Whatever way you choose to laugh, it’s one of life’s simplest joys. This portrait series explores laughter in its many iterations and explains the science behind the smile.
Chuckling, chortling, snorting, cawing, giggling, guffawing, cackling, spluttering, roaring, howling, shrieking—regardless of our backgrounds, one of the few unifying traits we share as humans is our ability to laugh (and sometimes our inability to stop). It’s one of the simplest free activities that life can afford us, but have you ever stopped to think about why we laugh? Why do these squeaky sounds emit from our throats at every sighting of a comically small dog or misplaced toupee, and why does it feel so good?
There’s an entire field of scientific study dedicated to answering this question. Gelotologists, who study laughter and its effects on the body, believe that we’ve evolved to laugh as a kind of social cue (as we do with its counterpart, crying). It endears us to others and helps show empathy. For example, if we were to snigger together over some lewd cave paintings back in prehistoric times, we would feel more connected and less likely to spear someone over a saber-toothed tiger carcass.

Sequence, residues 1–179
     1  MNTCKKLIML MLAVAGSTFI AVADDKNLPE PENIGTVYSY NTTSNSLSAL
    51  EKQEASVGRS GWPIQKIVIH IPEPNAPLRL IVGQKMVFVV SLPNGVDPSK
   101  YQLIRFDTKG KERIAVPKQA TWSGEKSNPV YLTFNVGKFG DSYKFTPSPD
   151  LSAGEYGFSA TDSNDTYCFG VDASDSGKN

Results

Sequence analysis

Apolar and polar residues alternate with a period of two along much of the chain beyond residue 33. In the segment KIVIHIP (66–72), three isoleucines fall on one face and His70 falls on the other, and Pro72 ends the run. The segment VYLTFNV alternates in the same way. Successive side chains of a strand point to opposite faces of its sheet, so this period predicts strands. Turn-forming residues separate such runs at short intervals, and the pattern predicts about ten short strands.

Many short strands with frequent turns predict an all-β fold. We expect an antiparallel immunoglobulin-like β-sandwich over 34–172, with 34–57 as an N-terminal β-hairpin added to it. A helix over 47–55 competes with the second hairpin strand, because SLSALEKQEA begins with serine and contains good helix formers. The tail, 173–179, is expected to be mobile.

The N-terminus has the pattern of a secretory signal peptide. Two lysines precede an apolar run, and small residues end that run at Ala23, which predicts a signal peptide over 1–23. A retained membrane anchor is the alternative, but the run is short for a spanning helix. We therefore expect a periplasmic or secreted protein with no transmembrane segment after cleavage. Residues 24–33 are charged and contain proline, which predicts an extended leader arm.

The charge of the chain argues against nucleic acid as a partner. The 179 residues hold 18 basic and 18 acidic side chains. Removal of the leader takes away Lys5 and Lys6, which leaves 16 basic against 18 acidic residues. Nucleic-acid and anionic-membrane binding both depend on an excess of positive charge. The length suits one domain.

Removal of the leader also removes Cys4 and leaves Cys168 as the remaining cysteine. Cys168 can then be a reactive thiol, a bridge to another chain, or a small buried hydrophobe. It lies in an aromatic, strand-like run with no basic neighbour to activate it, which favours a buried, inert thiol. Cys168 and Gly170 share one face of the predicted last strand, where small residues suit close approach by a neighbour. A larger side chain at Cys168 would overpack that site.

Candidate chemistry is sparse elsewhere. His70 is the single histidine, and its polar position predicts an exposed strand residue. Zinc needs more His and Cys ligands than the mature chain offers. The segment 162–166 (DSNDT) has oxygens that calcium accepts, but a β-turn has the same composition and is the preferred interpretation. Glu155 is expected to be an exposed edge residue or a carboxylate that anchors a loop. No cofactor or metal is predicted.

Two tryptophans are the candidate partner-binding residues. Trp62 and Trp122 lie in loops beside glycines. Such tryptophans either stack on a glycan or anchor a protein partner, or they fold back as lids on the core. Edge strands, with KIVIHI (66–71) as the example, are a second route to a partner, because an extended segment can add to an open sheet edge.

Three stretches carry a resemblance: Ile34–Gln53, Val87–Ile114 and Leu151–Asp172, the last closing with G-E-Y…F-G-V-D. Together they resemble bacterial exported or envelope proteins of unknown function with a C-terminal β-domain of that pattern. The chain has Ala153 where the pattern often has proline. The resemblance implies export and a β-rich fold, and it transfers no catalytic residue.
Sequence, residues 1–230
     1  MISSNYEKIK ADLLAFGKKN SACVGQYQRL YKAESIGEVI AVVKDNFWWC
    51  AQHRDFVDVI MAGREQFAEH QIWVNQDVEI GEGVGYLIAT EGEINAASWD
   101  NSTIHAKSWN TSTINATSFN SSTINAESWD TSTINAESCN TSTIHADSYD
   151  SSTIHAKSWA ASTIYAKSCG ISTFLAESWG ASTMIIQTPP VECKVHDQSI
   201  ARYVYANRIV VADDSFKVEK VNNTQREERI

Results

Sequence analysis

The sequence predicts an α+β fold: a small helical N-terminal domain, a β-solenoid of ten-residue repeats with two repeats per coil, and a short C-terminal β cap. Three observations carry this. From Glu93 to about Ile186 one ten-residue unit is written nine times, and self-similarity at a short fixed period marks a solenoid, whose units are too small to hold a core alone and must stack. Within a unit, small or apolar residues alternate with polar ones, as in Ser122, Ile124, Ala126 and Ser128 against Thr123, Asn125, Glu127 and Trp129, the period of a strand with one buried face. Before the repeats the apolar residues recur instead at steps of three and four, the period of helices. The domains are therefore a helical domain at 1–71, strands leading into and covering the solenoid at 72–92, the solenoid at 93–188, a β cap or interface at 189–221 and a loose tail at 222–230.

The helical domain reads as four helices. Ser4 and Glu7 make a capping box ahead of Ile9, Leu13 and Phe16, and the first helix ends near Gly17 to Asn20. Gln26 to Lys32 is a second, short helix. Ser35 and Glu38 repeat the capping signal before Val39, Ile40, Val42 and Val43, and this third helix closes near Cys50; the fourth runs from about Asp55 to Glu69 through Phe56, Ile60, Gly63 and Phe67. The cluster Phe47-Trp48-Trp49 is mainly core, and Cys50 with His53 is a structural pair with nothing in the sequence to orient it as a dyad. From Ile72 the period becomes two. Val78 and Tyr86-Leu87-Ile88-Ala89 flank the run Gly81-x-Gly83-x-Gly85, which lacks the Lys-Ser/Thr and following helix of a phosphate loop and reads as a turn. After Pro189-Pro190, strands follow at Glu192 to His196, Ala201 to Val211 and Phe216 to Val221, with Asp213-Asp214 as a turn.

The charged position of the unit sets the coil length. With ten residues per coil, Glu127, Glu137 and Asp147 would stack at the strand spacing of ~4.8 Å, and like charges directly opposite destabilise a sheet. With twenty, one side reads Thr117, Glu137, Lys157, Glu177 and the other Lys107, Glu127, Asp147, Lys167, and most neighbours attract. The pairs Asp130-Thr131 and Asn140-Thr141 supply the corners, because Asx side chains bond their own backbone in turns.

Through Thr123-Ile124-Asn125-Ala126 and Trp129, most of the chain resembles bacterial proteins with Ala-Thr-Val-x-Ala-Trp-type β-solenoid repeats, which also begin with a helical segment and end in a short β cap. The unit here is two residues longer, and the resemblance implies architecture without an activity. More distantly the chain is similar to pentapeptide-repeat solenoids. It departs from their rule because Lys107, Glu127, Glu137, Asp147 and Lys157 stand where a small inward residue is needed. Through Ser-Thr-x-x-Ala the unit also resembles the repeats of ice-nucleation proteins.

Laughing is also good for us: Studies have shown that it opens up the blood vessels to increase blood flow, decreases inflammation in the body, lowers levels of the stress hormone cortisol and releases those happy chemical endorphins into our bloodstream. Oddly, these things happen regardless of why we’re laughing, even if it’s a reflexive instinct in times of high emotion, anger or stress (which would also explain why a good cry feels brilliant every now and then). Some people call this “relief theory,” and it also explains why we can’t stop laughing when tickled, even though we’re often in agony. There has even been speculation that groups as vast as the Han Dynasty in China to the Ancient Romans used feet-tickling as a form of torture.
Perhaps Mark Twain was right when he said, “Humanity has unquestionably one really effective weapon—laughter.” So let’s use it for good.